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01.12.2015 | Research article | Ausgabe 1/2015 Open Access

BMC Musculoskeletal Disorders 1/2015

Should thorough Debridement be used in Fibular Allograft with impaction bone grafting to treat Femoral Head Necrosis: a biomechanical evaluation

BMC Musculoskeletal Disorders > Ausgabe 1/2015
Guangquan Zhou, Ying Zhang, Linghong Zeng, Wei He, Zhihui Pang, Xiumin Chen, Yujing Xu, Liao Shaoyi Stephen, LeiLei Chen
Wichtige Hinweise
Wei He, Zhihui Pang and Xiumin Chen contributed equally to this work.

Competing interests

The authors declared no potential conflicts of interest with respect to the research, authorship, and/or publication of this article.

Authors’ contributions

ZGQ, HW, PZH and CXM have contributed to develop protocol of the study. ZGQ, ZY and ZLH have carried out data collection. ZGQ and ZY performed the experiments. ZGQ and ZLH have conducted data analysis. ZGQ and ZY wrote the paper. ZGQ, ZLH, XYJ, LSS and CLL translated the paper. ZGQ, HW, PZH and CXM have contributed to results interpretation and have read and approved the final manuscript.

Authors’ Information

Guangquan Zhou, Ying Zhang, Linghong Zeng: co-first authors.



Fibular allograft with impaction bone grafting (FAIBG) is an effective hip-preservation method for avoiding total hip arthroplasty in the early stage of femoral head necrosis. However, whether thorough debridement should be used with FAIBG is controversial. This study compared the mechanical performance between FAIBG with and without thorough debridement, which provides a biomechanical basis for selecting the proper treatment in clinical settings.


Eighteen computational models were constructed and used to simulate two subtypes of femoral head collapse with seven debridement radii. The initial model was validated using the bony density distribution from X-ray images and a photograph of the cadaver bone cross-section. The stress of the anterolateral column and the debridement efficiency were computed and analyzed.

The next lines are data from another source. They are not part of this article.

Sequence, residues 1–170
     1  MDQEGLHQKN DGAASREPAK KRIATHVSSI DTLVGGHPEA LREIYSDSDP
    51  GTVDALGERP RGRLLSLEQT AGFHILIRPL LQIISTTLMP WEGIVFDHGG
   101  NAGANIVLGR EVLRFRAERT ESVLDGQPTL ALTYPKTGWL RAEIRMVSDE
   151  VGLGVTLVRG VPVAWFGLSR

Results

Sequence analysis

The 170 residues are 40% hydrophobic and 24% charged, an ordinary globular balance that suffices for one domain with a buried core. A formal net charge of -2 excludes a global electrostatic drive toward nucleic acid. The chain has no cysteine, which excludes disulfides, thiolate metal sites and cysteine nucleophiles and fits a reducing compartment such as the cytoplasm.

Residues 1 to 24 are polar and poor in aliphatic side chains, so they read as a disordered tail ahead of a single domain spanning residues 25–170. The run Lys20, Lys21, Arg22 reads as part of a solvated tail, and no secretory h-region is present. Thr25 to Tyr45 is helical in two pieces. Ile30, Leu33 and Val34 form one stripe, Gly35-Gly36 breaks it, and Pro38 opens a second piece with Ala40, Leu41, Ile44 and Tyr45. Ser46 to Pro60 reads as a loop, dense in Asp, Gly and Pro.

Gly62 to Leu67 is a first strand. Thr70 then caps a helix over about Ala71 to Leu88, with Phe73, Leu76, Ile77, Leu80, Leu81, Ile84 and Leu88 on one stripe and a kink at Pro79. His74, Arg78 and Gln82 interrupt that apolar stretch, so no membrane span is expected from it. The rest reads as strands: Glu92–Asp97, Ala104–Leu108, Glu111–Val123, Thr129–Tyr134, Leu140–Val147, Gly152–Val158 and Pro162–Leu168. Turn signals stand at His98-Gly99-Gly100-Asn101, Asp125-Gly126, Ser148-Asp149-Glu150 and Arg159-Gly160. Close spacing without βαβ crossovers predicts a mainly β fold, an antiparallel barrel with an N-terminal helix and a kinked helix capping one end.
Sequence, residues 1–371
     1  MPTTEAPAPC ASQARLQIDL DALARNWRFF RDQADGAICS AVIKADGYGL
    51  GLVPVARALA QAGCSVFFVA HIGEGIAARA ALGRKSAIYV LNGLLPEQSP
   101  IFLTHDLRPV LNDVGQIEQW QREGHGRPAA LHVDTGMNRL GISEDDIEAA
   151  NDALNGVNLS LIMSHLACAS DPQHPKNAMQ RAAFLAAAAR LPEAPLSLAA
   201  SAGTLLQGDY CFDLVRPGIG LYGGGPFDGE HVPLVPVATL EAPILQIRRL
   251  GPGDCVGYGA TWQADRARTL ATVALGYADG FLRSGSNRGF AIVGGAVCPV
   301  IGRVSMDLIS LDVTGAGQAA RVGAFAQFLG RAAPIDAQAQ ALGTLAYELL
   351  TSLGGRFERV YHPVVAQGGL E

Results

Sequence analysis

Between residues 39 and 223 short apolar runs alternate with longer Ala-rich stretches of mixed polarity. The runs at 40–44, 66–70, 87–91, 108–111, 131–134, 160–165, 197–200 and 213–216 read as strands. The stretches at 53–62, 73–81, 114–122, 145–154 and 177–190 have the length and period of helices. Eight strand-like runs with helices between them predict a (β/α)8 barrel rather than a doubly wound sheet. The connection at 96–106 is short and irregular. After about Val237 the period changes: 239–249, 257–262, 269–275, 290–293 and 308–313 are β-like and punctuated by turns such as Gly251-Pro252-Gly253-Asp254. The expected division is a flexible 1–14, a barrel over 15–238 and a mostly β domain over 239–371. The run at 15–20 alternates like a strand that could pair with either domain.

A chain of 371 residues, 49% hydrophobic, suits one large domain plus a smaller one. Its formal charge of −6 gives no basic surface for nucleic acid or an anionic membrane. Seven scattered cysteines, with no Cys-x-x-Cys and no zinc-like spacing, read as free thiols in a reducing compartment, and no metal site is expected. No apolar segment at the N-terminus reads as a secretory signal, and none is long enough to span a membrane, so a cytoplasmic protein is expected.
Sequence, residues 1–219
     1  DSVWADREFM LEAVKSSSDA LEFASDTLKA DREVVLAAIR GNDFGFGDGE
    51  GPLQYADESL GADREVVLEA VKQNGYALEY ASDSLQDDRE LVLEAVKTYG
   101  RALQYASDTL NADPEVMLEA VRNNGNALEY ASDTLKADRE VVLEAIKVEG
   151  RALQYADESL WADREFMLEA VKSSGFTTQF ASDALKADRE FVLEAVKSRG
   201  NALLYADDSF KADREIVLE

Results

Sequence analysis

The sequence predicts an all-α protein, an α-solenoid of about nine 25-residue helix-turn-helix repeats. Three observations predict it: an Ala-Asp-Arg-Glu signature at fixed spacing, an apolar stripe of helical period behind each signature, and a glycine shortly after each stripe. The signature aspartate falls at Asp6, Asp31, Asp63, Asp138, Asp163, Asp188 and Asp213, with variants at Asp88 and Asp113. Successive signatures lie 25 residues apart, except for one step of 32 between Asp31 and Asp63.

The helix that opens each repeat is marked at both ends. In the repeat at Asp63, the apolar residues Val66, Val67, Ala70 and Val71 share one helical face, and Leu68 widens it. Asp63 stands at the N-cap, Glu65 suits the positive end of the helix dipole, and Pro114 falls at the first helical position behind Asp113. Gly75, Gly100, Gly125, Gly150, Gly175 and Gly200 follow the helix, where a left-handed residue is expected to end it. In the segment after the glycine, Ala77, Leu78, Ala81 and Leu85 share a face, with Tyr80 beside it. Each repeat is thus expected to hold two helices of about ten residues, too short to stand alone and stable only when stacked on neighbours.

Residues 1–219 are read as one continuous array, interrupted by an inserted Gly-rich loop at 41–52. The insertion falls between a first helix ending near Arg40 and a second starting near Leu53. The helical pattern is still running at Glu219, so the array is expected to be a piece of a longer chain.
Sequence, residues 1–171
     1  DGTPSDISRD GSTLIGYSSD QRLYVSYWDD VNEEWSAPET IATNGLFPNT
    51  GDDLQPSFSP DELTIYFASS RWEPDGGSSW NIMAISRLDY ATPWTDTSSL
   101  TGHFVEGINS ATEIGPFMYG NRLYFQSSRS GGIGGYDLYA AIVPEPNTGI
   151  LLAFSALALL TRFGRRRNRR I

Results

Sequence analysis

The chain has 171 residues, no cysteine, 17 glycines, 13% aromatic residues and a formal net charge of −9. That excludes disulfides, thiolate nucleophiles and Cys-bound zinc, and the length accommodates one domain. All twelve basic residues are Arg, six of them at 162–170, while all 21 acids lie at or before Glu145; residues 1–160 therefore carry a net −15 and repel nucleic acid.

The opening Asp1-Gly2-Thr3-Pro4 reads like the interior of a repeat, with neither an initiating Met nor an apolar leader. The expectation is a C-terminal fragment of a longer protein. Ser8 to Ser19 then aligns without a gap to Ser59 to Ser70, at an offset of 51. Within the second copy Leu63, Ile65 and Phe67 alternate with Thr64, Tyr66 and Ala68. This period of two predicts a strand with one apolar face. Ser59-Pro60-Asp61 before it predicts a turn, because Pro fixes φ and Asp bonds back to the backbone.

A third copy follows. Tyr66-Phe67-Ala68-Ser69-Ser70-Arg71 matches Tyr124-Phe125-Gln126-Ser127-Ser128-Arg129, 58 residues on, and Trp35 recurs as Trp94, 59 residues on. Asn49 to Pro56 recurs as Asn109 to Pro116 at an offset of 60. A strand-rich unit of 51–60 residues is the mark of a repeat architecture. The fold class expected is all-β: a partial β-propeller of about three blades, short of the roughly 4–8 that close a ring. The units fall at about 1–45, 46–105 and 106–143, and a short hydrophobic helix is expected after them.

(1) The peak stress of the anterolateral column in all conditions could return to the physiological level, and in two cases, the decrement/increment of stress was almost less than 0.1 % when the debridement radius increased. (2) The load share ratio (LSR) of the cortical and cancellous bone was markedly decreased in the untreated condition and increases with an increase in the debridement radius. (3) A debridement radius greater than 1/2r yields a LSR value larger than that obtained in the normal condition.


The simulation results provide specific biomechanical evidence to support the finding that FAIBG with a debridement region of 3/8 -1/2 appears to be a better choice for resisting femoral head collapse (FHC). Furthermore, FAIBG without thorough debridement, which requires relatively simple surgical devices and reduces artificial damage, appears to be a better method for resisting FHC than FAIBG with thorough debridement.
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